This blog was written for the Cradle Through College Coalition’s #MyEdPath project. To learn more and to share your story and photos, visit c2ccoalition.org.
I am one lucky person, especially when it comes to education. My mom and dad were both public school teachers. Books were abundant as were trips to the library. I had lots of freedom to play and learn from running around with the neighborhood kids. I got a good dose of formal “quality early learning” at a school run by a neighbor. She took me in as a favor to my mom. This start helped me understand the importance of access and opportunity and set me on an educational path to make sure others have the same chance at life.
In my grammar school, which was right down the street, I had some extraordinary teachers. One named Allan Dressel really stands out. He used project-based instruction methods to teach junior high social studies. We took on real life problems in our neighborhood and tried to get the City of Chicago to take action. We did mock court cases on the issues of the day. We studied elections in real time. We looked forward to reading the paper each day because we started to see ourselves in the workings of our city. He encouraged us to challenge and reject the virulent South Side racism. Mr. Dressel organized classroom exchanges so white and black kids could meet each other, attend school together and begin to break down some of the massive barriers and prejudice. He taught us to work for social justice and to take action.
In high school I had another amazing teacher, a young nun named Sister Avis. Avis wanted to be a Jesuit priest. She gained admission to the theological seminary to prepare for the priesthood and was an outstanding student. She often gave the homily at school masses. One problem: Avis was a woman which prevented her from entering the priesthood. Her view was that she would do her part to the fullest and get the training required to be a priest. She felt the calling. She wanted to serve as a priest and though she was excluded she never accepted that. She taught us to fight for social justice and reject the politics of division and she cared about her students and got to know us as people. She often rescued me when I got crosswise with the school’s administrators. Then, like now, I tended to rebel against systems and rules that seemed unfair to students.
Another major part of my education path came from playing volleyball. I started in 6th grade and never stopped playing until years after college. When I began I was put on the worst team—Team C—and I was ranked the “12th man,” a very different meaning from the Seattle Seahawks context. There were 12 girls on each team. The kids themselves ranked the players from good to bad (not very gentle treatment of the child ego). Being ranked No. 12 was the bottom of the barrel. I worked very hard to turn that around. I banged the ball against the neighbor’s brick wall. My dad threw balls at me in the yard. I begged my teammates to play over laundry lines or anything resembling a net. We played and practiced on asphalt and wore coats and mittens as we played through the winter.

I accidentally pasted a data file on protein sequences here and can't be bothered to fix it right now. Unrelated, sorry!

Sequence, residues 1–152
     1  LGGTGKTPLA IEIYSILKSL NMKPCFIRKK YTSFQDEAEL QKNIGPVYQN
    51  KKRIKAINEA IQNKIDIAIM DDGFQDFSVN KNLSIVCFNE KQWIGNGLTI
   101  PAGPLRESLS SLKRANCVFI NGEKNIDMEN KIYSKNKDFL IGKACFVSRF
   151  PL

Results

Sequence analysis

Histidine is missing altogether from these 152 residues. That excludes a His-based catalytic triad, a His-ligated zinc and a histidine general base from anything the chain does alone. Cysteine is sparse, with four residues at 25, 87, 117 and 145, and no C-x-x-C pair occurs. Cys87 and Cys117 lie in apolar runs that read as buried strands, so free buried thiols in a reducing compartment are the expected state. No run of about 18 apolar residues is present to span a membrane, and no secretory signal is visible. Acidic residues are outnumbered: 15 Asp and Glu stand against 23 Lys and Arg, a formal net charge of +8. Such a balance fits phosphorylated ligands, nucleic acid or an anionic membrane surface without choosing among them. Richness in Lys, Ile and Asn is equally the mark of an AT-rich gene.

At the same time as I was in a gym, Congress was debating and enacting Title IX, the civil rights law demanding equal treatment for women in sports. The timing of this law made a huge difference in my life opportunities. The year I was to enter college was the same year Title IX compliance was mandated for large university athletic programs. As a result of Title IX, I was awarded an athletic scholarship to Georgetown University. Having a chance to learn about a world beyond the parochial confines of the Chicago South Side and go to a place like Georgetown was life changing. The academic rigor and richness was amazing. I met people from all over the world and was challenged in every way. I majored in American studies and put a focus on learning about cities and immigration—topics about which I remain a devoted student to this day. Georgetown’s philosophy is similar to that of Sister Avis and Mr. Dressel and at each stage of “my ed path” the emphasis was put on public service and the importance of working for social justice.
I have had the privilege of receiving so much opportunity and have been extremely fortunate. I was aided by countless family, teachers, friends and neighbors. My passion as an adult is to work with others to help improve access and opportunities for all children—from early learning through higher education. Great education opportunity should be the norm—not a matter of luck, lottery or ZIP code.
Mary Jean Ryan is Executive Director of the Community Center for Education Results. CCER supports the Road Map Project, a community-wide effort aimed at improving student achievement in South King County and South Seattle.